Every year starting after Thanksgiving there is a debate in the minds of Christmas shoppers: Should we buy a real Christmas tree or an artificial one? However, if you count each tree sold as one vote, artificial trees have been winning the debate handily in recent years. Approximately 33 million real trees will likely grace our homes this holiday season compared to about 50 million artificial ones. Not nearly that many artificial trees are bought each year, however, since the average artificial tree is kept about six to seven years.
So what’s to debate — most people have already voted with their wallets, right? But even those who purchase artificial trees are not always sure they have made the right decision. There are a good reasons for buying either an a artificial or real Christmas tree.
Convenience is one of the biggest selling points for artificial trees. There are no frigid trips to a retail Christmas lot or a Christmas tree farm to argue over which tree to buy. There is no haggling over price — and no need to go through the gymnastics of tying the tree on top of your car for the trip home.
Once purchased in a nice, warm retail store and taken home, artificial trees are a snap to set up. Unlike real trees, they come with permanent stands, which can add considerably to the cost of a real tree. And the newer artificial trees look convincingly real. Many artificial trees also come prestrung with lights — some with LED lights, which is another selling point.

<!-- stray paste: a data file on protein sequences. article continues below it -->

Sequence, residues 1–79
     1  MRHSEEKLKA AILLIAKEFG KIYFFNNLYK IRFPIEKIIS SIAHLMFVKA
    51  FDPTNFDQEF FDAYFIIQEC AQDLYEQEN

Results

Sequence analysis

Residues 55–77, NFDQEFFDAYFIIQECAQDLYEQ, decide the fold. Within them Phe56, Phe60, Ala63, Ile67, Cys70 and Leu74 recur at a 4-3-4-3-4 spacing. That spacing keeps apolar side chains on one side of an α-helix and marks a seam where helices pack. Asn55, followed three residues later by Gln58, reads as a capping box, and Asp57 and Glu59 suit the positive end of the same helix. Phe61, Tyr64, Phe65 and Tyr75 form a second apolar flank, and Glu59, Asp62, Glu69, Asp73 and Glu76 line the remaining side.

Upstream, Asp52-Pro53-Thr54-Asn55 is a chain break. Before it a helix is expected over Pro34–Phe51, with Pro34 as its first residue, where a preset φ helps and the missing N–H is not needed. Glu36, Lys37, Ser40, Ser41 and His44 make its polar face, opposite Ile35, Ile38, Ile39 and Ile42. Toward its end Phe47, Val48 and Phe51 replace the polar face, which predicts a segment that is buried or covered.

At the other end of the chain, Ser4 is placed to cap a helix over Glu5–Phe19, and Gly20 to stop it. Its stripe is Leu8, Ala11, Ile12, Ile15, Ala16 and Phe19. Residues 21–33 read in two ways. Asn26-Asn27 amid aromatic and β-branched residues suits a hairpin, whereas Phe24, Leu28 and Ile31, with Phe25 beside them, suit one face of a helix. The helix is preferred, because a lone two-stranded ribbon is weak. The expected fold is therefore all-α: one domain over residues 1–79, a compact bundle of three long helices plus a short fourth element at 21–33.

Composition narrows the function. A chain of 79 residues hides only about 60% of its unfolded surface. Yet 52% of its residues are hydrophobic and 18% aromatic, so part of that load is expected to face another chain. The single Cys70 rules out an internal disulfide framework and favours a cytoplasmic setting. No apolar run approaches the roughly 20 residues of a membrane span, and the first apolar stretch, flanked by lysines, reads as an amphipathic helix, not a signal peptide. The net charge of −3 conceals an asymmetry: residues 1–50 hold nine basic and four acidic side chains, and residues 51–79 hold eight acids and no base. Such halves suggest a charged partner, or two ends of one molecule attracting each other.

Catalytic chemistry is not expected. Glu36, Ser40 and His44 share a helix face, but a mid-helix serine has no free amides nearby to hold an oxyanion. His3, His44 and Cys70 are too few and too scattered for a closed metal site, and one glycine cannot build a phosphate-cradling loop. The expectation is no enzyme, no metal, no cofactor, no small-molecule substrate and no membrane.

And no vacuuming fallen needles and no water reservoir that must be kept filled. For families with members who are allergic to terpene, a substance found in the sap of real Christmas trees, an artificial tree is the one to buy.
Real trees often dry out in about 10 days after they are set up, even if they are faithfully watered.
At that point they become a fire hazard. Artificial trees can be left up as long as a family wishes — some people display their trees through Valentine’s and redecorate them with appropriate Valentine decorations. Once the tree is finally taken down, it is easy to store until next Christmas.
In the long run, artificial trees are less expensive and have a carbon footprint no bigger than live trees — if they are kept eight years or longer. They may cost more initially, but top quality ones will last 20 or more years.
Some of the best reasons for buying a real tree are environmental ones. About 80 percent of all artificial trees sold in our country are manufactured in China. They are made mostly from polyvinyl (PVC), which is derived from petroleum and contains harmful toxins. Additionally, China uses coal — one of the dirtiest fuel sources — to generate electricity for manufacture of their artificial trees. Then the carbon footprint is further increased when they are transported thousands of miles to our country and then trucked to retailers throughout the United States.
Christmas tree farms are good for the environment because they stabilize soil and help to prevent soil erosion, which helps protect our water resources.
They also create scenic green belts and provide refuge for small wildlife.